TAX TIPS

Tax law can be complex. There's much to know to be sure you're doing all you can to get what you deserve. Here are some personal and business tax tips to get you started. 


Personal Tax Tips


  • Charitable Donations  As a donor, you may not deduct labor or time, but you may deduct expenses such as mileage, uniforms, and even the cost     of taking underprivileged youth to sports events or movies.   
     
  • Moving Expenses  If you moved more than 50 miles for work and stayed employed, you might be able to deduct reasonable moving expenses. No     itemization is necessary.
     
  • Tools Used In Work  A taxpayer can deduct amounts spent for tools used in a taxpayer's work if the tools wear out and are thrown away within 1 year from the date of purchase. A taxpayer can depreciate the cost of tools that have a useful life substantially beyond the tax year.
     
  • Mortgage Interest Points  Points paid on a home mortgage are usually deductible as interest. If the mortgage is for the purchase or improvement of your principal     residence, you can either deduct the full amount of the points in the year of payment or, if you're not itemizing your deductions that year,     pay back the points over the loan term.
     
  • Retirement Plan  One of the most powerful tax shelters available is a qualified retirement plan. Within certain limits, contributions to fund the plan are     immediately tax deductible, plan investment earnings are tax deferred, and plan participants do not have to pay income taxes on benefits until     they receive their distributions.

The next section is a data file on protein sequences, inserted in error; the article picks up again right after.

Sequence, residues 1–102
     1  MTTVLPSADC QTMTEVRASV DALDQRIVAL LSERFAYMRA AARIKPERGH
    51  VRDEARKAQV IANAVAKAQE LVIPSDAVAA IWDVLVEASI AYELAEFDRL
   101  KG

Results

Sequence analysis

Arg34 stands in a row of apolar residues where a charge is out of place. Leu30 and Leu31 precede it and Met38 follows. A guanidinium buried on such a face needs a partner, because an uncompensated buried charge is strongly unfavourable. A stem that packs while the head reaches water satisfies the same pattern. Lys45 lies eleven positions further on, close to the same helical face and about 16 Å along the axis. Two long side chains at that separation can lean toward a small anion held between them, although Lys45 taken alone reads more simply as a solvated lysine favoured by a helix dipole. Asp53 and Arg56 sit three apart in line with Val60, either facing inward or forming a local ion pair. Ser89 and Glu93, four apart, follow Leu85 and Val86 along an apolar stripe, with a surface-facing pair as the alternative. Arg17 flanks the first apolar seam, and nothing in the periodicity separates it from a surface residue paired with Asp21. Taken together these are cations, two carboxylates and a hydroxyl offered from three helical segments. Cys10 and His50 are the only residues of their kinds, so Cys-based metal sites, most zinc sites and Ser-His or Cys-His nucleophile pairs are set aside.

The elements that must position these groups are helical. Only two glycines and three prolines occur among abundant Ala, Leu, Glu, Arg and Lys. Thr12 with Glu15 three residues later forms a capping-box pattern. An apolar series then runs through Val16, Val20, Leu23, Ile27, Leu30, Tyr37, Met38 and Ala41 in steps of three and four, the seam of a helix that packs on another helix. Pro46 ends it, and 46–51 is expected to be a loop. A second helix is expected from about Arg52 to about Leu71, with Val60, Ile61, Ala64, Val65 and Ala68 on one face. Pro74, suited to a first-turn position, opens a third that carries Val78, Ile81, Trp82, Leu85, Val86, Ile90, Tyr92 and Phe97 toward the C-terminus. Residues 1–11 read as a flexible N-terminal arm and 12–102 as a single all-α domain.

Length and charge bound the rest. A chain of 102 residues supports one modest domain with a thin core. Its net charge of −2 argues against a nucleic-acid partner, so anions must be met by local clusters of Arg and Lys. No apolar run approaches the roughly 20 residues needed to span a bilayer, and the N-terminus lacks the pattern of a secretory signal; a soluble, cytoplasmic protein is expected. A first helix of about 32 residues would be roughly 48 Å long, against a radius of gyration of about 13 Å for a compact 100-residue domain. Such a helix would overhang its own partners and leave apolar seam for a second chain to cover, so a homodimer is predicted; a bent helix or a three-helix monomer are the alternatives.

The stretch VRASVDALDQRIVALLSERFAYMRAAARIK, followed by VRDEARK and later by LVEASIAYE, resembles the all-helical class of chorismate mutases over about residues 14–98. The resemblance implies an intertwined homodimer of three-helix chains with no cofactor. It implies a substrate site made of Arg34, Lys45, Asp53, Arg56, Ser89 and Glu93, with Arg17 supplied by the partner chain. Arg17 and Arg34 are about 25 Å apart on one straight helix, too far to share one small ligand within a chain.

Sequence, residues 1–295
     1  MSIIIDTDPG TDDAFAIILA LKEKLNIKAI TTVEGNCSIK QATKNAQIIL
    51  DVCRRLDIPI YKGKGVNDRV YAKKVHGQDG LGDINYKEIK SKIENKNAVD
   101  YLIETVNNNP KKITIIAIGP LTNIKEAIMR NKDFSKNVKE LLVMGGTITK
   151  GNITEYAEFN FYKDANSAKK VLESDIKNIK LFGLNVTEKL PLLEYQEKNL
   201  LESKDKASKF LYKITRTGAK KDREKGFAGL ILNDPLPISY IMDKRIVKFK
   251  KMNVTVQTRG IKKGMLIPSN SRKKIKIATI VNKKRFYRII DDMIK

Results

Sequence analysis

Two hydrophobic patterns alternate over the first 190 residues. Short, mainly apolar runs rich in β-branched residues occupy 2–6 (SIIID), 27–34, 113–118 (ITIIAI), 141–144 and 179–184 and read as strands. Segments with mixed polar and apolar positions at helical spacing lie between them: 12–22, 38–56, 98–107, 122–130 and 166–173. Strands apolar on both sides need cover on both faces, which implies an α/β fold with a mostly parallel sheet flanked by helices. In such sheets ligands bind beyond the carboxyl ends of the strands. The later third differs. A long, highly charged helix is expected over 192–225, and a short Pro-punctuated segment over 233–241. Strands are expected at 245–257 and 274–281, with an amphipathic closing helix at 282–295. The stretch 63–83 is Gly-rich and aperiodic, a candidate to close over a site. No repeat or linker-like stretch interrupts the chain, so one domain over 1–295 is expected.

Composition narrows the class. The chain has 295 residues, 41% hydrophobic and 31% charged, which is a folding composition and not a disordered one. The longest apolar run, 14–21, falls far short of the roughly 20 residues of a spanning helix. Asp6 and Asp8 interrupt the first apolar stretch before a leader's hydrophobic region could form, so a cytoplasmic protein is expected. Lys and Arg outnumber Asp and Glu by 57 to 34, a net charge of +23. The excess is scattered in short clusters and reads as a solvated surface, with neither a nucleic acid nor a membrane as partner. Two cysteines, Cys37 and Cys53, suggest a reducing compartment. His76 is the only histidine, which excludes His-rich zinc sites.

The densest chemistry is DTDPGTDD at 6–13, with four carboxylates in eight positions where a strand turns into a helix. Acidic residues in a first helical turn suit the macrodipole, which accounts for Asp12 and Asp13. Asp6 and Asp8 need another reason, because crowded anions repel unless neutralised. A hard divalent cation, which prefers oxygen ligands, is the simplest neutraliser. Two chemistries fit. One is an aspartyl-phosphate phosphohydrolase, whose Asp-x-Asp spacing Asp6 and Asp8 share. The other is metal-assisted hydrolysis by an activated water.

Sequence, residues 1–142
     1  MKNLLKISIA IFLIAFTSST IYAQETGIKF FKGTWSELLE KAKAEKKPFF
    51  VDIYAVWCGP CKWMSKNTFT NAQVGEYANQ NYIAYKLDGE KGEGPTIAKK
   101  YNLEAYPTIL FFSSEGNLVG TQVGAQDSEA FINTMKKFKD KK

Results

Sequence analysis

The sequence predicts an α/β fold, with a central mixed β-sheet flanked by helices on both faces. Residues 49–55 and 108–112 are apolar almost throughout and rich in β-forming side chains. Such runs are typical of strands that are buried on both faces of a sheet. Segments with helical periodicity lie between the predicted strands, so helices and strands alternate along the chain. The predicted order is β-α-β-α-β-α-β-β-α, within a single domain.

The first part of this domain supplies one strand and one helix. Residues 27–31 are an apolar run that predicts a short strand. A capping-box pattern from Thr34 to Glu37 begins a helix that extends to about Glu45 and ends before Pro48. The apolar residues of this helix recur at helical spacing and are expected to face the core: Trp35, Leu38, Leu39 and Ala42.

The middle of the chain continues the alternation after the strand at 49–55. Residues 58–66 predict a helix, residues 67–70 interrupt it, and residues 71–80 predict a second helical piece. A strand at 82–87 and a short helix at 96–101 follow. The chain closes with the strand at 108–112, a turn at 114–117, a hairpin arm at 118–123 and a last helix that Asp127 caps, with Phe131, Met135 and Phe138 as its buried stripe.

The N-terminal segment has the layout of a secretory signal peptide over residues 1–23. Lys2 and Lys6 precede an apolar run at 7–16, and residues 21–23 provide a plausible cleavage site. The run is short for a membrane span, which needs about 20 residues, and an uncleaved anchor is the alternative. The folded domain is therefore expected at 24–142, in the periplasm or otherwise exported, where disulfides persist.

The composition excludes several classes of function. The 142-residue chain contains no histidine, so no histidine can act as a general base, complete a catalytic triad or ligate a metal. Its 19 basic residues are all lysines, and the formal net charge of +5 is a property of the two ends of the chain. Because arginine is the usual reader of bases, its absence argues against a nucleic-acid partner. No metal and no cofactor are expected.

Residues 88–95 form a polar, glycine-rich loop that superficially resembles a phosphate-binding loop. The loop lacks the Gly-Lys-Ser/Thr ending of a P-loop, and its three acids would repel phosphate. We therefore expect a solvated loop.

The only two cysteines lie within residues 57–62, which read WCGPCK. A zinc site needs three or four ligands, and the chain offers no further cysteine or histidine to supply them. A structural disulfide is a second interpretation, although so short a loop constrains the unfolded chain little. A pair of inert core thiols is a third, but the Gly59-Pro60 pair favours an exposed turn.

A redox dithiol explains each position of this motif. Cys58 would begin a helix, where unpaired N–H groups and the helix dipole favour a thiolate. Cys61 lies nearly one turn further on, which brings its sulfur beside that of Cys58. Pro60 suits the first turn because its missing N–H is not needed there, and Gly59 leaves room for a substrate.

Business Tax Tips


  • Hiring Your Children: If you use part of your home regularly and exclusively for administrative, managerial and other business-related activities, you can claim a home office deduction. Expenses that qualify include utilities, rent, mortgage interest, depreciation and cleaning. Overall, the deduction is based on the square footage of the home used for the business. 
  • Business Use of a Home: If a client uses part of his home regularly and exclusively for administrative, managerial and other business-related activities, he can claim a home office deduction. Expenses that qualify include utilities, rent, mortgage interest, depreciation and cleaning. Overall, the deduction is based on the square footage of the home used for the business.
      Automobile Expenses: If your client travels for business purposes, he may deduct the dollar value of miles traveled, even for short distances. He can claim the actual expense incurred or use the standard mileage rate prescribed by the IRS, which is 54 cents in 2017. However, be sure to advise your clients that the IRS allowable mileage rate may change from year to year. Air, bus and train fares related to work also can be written off.
      Health Insurance Premiums: Self-employed clients are allowed to deduct what they pay for medical insurance for themselves and their families, and it doesn’t matter if they itemize. It also doesn’t matter how high their income is, but remember that they are not allowed to take this deduction if they are eligible for health insurance through a spouse’s job.
      Self-Employment Taxes: Clients have to pay the full 15.3 percent self-employment tax to cover Social Security and Medicare, but they are allowed to write off one-half of what they pay. Just as with health insurance premiums, they do not have to itemize in order to qualify for this deduction.

image9